She loosed the chain, and down she lay;
The broad stream bore her far away,
The Lady of Shalott.


Heard a carol, mournful, holy,
Chanted loudly, chanted lowly,
Till her blood was frozen slowly,
And her eyes were darkened wholly,
Turn’d to tower’d Camelot.
For ere she reach’d upon the tide
The first house by the water-side,
Singing in her song she died,
The Lady of Shalott.


Under tower and balcony,
By garden-wall and gallery,
A gleaming shape she floated by,
Dead-pale between the houses high,
Silent into Camelot.
Out upon the wharfs they came,
Knight and Burgher, Lord and Dame,
And around the prow they read her name,
The Lady of Shalott.


Who is this? And what is here?
And in the lighted palace near
Died the sound of royal cheer;
And they crossed themselves for fear,
All the Knights at Camelot;
But Lancelot mused a little space
He said, “She has a lovely face;
God in his mercy lend her grace,
The Lady of Shalott.”

Alfred Lord Tennyson

Early Sonnets


I.


To—


As when with downcast eyes we muse and brood,
And ebb into a former life, or seem
To lapse far back in some confused dream
To states of mystical similitude,
If one but speaks or hems or stirs his chair,
Ever the wonder waxeth more and more,
So that we say, ‘All this hath been before,
All this hath been, I know not when or where;’
So, friend, when first I look’d upon your face,
Our thought gave answer each to each, so true–
Opposed mirrors each reflecting each–
That, tho’ I knew not in what time or place,
Methought that I had often met with you,
And either lived in either’s heart and speech.


II.


To J.M.K.


My hope and heart is with thee–thou wilt be
A latter Luther, and a soldier-priest
To scare church-harpies from the master’s feast;
Our dusted velvets have much need of thee:
Thou art no Sabbath-drawler of old saws,
Distill’d from some worm-canker’d homily;
But spurr’d at heart with fieriest energy
To embattail and to wall about thy cause
With iron-worded proof, hating to hark
The humming of the drowsy pulpit-drone
Half God’s good Sabbath, while the worn-out clerk
Brow-beats his desk below. Thou from a throne
Mounted in heaven wilt shoot into the dark
Arrows of lightnings. I will stand and mark.


III.


Mine be the strength of spirit, full and free,
Like some broad river rushing down alone,
With the selfsame impulse wherewith he was thrown
From his loud fount upon the echoing lea;–
Which with increasing might doth forward flee
By town, and tower, and hill, and cape, and isle,
And in the middle of the green salt sea
Keeps his blue waters fresh for many a mile.
Mine be the power which ever to its sway
Will win the wise at once, and by degrees
May into uncongenial spirits flow;
Even as the warm gulf-stream of Florida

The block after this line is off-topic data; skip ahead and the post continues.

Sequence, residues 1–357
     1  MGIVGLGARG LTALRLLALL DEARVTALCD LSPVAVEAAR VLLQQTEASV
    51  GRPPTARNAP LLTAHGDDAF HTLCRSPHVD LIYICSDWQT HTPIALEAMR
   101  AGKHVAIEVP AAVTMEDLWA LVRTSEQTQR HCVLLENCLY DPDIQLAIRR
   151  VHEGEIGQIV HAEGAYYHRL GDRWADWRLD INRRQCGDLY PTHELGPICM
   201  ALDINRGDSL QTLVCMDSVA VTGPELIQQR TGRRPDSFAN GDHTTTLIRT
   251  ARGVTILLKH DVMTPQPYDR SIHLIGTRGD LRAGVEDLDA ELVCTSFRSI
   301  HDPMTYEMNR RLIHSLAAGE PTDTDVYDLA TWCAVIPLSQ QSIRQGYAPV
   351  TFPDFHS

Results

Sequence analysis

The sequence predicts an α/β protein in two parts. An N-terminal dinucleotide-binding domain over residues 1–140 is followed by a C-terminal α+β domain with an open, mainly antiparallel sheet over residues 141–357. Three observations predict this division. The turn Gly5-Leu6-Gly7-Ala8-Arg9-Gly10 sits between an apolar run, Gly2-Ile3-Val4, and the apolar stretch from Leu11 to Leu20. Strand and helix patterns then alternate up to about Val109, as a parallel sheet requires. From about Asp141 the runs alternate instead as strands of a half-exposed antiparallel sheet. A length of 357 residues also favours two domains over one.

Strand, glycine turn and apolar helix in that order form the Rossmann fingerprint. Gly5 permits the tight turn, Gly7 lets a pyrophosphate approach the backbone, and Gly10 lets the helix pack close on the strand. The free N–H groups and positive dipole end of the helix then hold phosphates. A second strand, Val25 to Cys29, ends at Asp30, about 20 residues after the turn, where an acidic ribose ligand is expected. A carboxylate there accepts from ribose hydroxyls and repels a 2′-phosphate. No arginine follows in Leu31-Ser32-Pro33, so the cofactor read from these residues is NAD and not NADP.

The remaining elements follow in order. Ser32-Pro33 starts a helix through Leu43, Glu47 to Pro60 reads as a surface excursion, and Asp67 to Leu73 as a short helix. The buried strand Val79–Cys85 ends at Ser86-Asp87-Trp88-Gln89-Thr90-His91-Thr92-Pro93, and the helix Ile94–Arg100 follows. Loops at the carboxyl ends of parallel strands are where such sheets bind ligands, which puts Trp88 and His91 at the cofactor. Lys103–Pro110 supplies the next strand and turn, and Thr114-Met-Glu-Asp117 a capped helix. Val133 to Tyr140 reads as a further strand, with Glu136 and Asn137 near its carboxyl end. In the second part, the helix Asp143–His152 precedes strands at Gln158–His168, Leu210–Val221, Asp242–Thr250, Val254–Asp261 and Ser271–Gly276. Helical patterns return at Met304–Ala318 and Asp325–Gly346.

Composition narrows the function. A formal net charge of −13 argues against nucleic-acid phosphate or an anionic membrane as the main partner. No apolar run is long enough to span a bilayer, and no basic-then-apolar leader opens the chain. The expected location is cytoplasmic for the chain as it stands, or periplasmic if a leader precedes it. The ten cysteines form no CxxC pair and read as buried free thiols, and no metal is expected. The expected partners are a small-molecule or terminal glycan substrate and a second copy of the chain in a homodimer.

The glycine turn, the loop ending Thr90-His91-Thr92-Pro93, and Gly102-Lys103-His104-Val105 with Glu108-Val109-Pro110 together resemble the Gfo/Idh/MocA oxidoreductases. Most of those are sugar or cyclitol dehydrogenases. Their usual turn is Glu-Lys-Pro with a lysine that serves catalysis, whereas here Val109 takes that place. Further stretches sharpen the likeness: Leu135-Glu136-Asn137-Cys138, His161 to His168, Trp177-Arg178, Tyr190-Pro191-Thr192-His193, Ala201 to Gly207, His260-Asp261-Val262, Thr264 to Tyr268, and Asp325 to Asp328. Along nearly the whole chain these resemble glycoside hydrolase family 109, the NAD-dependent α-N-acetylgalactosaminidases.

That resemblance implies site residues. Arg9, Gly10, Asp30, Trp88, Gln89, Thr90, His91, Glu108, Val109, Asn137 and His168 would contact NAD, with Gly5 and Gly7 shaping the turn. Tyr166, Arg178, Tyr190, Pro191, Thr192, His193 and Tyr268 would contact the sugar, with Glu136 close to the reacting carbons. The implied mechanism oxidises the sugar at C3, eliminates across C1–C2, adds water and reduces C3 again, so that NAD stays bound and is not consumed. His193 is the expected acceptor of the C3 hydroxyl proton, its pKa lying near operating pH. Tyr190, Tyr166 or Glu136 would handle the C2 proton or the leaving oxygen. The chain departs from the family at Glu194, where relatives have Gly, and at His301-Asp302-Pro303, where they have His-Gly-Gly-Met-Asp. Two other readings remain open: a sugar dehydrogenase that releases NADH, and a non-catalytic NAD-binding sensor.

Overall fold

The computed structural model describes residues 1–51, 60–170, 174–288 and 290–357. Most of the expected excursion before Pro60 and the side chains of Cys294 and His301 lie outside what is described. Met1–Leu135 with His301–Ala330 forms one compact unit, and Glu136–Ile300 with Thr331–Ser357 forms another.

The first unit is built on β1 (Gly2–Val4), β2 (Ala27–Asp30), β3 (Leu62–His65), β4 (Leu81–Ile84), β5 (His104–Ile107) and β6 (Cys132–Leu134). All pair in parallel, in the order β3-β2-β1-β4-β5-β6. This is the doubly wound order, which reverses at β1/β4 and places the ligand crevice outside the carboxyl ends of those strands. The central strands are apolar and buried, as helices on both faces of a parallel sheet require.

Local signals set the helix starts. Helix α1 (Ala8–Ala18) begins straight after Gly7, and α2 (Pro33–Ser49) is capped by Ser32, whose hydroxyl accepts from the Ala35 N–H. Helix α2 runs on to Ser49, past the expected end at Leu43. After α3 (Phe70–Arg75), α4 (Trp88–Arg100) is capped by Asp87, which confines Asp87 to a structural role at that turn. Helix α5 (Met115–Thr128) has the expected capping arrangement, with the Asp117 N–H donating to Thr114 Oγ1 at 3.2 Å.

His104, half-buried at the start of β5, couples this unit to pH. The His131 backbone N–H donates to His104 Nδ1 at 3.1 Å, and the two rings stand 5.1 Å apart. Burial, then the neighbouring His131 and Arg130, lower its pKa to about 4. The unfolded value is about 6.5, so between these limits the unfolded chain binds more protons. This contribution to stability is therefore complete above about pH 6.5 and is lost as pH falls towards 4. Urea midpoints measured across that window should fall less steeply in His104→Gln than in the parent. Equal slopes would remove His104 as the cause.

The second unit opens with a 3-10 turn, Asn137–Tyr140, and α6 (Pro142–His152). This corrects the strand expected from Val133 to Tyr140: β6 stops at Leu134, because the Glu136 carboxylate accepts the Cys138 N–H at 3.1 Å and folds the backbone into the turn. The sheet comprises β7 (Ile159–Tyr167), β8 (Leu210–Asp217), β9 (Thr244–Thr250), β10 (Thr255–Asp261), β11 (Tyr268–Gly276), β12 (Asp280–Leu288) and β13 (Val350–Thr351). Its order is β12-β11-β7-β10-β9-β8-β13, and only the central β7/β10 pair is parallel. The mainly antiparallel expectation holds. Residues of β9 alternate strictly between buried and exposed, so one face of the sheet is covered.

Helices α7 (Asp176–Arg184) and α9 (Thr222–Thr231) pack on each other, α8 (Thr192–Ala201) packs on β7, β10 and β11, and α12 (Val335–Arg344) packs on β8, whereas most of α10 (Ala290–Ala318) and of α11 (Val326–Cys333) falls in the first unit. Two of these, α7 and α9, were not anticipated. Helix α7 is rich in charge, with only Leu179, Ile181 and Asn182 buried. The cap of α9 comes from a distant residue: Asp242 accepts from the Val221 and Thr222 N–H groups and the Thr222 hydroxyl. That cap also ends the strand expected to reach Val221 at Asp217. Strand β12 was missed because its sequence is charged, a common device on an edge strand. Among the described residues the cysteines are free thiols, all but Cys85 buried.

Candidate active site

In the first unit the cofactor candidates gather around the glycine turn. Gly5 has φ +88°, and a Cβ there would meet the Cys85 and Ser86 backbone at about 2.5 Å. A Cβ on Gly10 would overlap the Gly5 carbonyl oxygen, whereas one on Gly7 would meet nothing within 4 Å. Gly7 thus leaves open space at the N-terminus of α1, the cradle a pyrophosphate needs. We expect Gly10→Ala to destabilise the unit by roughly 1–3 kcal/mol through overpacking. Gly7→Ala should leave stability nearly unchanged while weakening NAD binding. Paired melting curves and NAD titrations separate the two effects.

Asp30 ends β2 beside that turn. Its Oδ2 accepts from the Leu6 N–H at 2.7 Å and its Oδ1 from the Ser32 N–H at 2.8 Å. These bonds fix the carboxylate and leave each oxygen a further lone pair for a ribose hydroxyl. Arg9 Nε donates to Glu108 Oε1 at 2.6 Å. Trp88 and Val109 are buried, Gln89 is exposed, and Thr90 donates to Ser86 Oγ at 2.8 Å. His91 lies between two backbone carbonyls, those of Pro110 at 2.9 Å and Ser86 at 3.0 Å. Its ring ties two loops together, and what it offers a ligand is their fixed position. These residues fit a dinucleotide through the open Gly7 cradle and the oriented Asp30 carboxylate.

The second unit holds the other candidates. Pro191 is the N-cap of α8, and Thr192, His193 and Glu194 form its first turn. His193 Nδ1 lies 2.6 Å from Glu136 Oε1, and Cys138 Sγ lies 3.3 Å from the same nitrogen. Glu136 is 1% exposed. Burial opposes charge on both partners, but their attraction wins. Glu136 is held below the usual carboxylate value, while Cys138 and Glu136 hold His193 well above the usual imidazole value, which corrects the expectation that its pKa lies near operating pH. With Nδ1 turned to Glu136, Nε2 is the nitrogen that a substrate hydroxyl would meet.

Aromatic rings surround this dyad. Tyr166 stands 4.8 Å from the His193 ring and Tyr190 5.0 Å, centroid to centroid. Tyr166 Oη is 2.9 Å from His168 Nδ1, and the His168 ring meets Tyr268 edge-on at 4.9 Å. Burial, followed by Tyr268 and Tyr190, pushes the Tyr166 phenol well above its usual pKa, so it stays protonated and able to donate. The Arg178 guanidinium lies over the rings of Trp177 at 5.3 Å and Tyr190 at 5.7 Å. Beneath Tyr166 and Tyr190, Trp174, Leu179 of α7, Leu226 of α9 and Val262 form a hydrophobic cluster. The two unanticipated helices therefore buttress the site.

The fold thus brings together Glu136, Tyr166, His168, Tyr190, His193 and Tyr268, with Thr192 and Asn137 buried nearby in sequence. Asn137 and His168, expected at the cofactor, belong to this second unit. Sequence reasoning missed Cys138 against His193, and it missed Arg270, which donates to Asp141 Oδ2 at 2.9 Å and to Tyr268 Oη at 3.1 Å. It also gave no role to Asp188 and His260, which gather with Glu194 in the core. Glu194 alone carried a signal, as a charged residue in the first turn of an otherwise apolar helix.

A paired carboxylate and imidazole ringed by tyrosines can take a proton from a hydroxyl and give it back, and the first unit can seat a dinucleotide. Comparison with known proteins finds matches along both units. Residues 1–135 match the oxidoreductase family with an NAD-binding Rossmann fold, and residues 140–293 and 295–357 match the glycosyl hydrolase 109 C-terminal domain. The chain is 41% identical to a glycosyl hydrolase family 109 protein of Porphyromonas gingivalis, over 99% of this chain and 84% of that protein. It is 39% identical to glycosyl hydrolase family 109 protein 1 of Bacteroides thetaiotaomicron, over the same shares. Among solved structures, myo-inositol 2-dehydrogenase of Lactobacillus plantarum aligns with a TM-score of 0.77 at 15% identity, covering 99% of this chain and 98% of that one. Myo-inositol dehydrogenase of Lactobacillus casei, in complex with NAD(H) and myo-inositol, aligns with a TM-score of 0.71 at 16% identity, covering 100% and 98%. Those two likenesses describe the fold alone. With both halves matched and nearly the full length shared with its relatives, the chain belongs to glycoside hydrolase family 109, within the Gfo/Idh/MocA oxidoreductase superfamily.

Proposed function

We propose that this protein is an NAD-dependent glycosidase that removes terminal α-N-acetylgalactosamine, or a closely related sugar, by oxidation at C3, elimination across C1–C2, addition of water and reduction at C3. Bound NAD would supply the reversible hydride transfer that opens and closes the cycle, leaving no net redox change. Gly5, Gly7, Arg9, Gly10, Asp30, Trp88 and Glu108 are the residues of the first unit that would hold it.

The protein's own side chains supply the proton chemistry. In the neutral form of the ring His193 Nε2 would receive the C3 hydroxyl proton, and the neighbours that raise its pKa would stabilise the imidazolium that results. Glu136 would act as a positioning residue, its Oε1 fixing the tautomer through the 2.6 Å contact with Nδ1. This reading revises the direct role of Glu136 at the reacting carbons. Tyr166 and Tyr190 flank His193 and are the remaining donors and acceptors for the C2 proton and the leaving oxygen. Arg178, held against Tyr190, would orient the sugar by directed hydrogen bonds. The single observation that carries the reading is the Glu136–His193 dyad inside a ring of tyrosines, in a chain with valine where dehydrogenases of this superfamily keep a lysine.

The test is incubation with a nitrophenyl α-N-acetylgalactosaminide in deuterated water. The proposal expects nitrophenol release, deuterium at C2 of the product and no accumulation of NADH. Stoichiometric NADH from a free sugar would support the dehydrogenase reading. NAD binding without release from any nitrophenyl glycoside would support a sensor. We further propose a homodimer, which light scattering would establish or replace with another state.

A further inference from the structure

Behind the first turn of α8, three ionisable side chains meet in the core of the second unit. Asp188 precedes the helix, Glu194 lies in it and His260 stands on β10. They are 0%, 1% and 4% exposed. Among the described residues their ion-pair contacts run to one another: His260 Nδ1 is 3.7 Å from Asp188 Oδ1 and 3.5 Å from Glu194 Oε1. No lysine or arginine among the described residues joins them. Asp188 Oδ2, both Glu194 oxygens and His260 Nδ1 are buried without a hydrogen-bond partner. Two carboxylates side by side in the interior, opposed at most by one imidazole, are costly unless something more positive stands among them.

Floats far away into the Northern seas
The lavish growths of southern Mexico.


IV.


ALEXANDER

Warrior of God, whose strong right arm debased
The throne of Persia, when her Satrap bled
At Issus by the Syrian gates, or fled
Beyond the Memmian naphtha-pits, disgraced
For ever–thee (thy pathway sand-erased)
Gliding with equal crowns two serpents led
Joyful to that palm-planted fountain-fed
Ammonian Oasis in the waste.
There in a silent shade of laurel brown
Apart the Chamian Oracle divine
Shelter’d his unapproached mysteries:
High things were spoken there, unhanded down;
Only they saw thee from the secret shrine
Returning with hot cheek and kindled eyes.


V.


BUONAPARTE


He thought to quell the stubborn hearts of oak,
Madman!–to chain with chains, and bind with bands
That island queen who sways the floods and lands
From Ind to Ind, but in fair daylight woke,
When from her wooden walls,–lit by sure hands,–
With thunders, and with lightnings, and with smoke,–
Peal after peal, the British battle broke,
Lulling the brine against the Coptic sands.
We taught him lowlier moods, when Elsinore
Heard the war moan along the distant sea,
Rocking with shatter’d spars, with sudden fires
Flamed over; at Trafalgar yet once more
We taught him; late he learned humility
Perforce, like those whom Gideon school’d with briers.


VI.


POLAND


How long, O God, shall men be ridden down,
And trampled under by the last and least
Of men? The heart of Poland hath not ceased
To quiver, tho’ her sacred blood doth drown
The fields, and out of every smouldering town
Cries to Thee, lest brute Power be increased,
Till that o’ergrown Barbarian in the East
Transgress his ample bound to some new crown,–
Cries to Thee, ‘Lord, how long shall these things be?
How long this icy-hearted Muscovite
Oppress the region?’ Us, O Just and Good,
Forgive, who smiled when she was torn in three;
Us, who stand now, when we should aid the right–
A matter to be wept with tears of blood!


VII.


Caress’d or chidden by the slender hand,
And singing airy trifles this or that,
Light Hope at Beauty’s call would perch and stand,
And run thro’ every change of sharp and flat;
And Fancy came and at her pillow sat,
When Sleep had bound her in his rosy band,
And chased away the still-recurring gnat,
And woke her with a lay from fairy land.
But now they live with Beauty less and less,
For Hope is other Hope and wanders far,
Nor cares to lisp in love’s delicious creeds;
And Fancy watches in the wilderness,
Poor Fancy sadder than a single star,
That sets at twilight in a land of reeds.


VIII.


The form, the form alone is eloquent!
A nobler yearning never broke her rest
Than but to dance and sing, be gaily drest,
And win all eyes with all accomplishment;